This request and proclamation is widely considered the most inane request of our Higher Power. We are asked to purify a cow to protect those who have been defiled, yet the act of purification causes defilement. The wise King Solomon is believed to have said about this statute, “ If this is so, could it be that other commandments, whose purpose I believed to have understood, were more mysterious and profound than I thought?”

And God said”…speak to the rock before their eyes, that it give forth water…” And Moses lifted up his hand, and smote the rock with his staff twice… Numbers 20:8

Later in the same chapter Moses is instructed to speak to a rock so that water may spring forth to provide for the Israelites’ thirst and to demonstrate God’s power and love for the people. Moses became angry with the people’s’ complaining and instead strikes the rock. Consequently God proclaims that Moses will not be allowed to enter the Promised Land.

“… believe in Me to sanctify Me before the people” Numbers 20:12

In our quest for spiritual renewal it becomes clear that understanding or making sense of the journey, what our Higher Power has decided is best for us, is not always possible. Our imperfection requires acceptance and tolerance of others and ourselves. This design for living will result in peaceful existence in a world of good choices.

We don’t have to understand how it works. It is enough that we can believe in it to work. Once our faith is strong, we can continue our spiritual journey.

Into your hand I entrust my spirit. Psalm 31.6

Finding Peace

Recovery is difficult at times, but with difficulty comes blessings: I am a human being again. I am finding peace.
My body, my mind and spirit have a new strength. The world looks good. I have respect for my family and friends. My work and co-workers are treated positively and productively.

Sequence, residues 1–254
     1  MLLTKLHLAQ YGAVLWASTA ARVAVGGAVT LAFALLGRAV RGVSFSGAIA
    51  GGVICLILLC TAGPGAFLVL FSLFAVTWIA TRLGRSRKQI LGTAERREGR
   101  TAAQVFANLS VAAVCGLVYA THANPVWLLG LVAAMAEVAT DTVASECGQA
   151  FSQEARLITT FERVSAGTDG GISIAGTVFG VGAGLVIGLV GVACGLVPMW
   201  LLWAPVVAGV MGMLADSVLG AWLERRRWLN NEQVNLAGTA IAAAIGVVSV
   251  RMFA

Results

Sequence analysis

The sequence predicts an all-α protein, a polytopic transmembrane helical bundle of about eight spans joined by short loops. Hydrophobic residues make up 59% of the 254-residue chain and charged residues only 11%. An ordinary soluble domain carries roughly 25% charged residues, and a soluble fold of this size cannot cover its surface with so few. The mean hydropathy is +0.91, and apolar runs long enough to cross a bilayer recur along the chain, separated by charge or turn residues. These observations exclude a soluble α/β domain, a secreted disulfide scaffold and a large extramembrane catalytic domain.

I avoid places I shouldn’t be and people I shouldn’t be with.
If I am tempted towards relapse, my Higher Power is there to lift me up and carry me if need be.
The fellowship has become a home for me where I can always find peace, if I look for it and am willing to accept it.
This is what I always wanted; this is the life I love to live.

Giving Thanks

If one offers it for thanksgiving. Leviticus 7:12

Sacrifices dominate the beginning of Leviticus; we are instructed in how to, what kind and what for. Since the Torah was received and orally transmitted, it was also said by the early sages and later the Rabbis that when we entered the Messianic era there would not be any need for sacrifices. But the offer of thanksgiving would never end.

The prayers of giving thanks must be more important and of special significance in our lives. Accordingly if we are on a journey of spiritual renewal then it makes sense to be thankful in our prayers each and every time we pray. We are being more aware of things we should be thankful for, then it behooves us to bring them front and center in our prayers. Renewal sharpens our senses, and makes us more appreciative of the wonders of the universe and just how fortunate we are. The Power of the Universe that makes it all possible is deserving of daily, moment-to-moment, thanks.